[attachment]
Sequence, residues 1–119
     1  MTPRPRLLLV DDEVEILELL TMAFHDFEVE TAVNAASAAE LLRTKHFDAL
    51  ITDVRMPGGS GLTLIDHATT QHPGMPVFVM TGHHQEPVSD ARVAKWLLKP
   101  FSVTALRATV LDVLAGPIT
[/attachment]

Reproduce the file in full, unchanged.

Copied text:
Sequence, residues 1–119
     1  MTPRPRLLLV DDEVEILELL TMAFHDFEVE TAVNAASAAE LLRTKHFDAL
    51  ITDVRMPGGS GLTLIDHATT QHPGMPVFVM TGHHQEPVSD ARVAKWLLKP
   101  FSVTALRATV LDVLAGPIT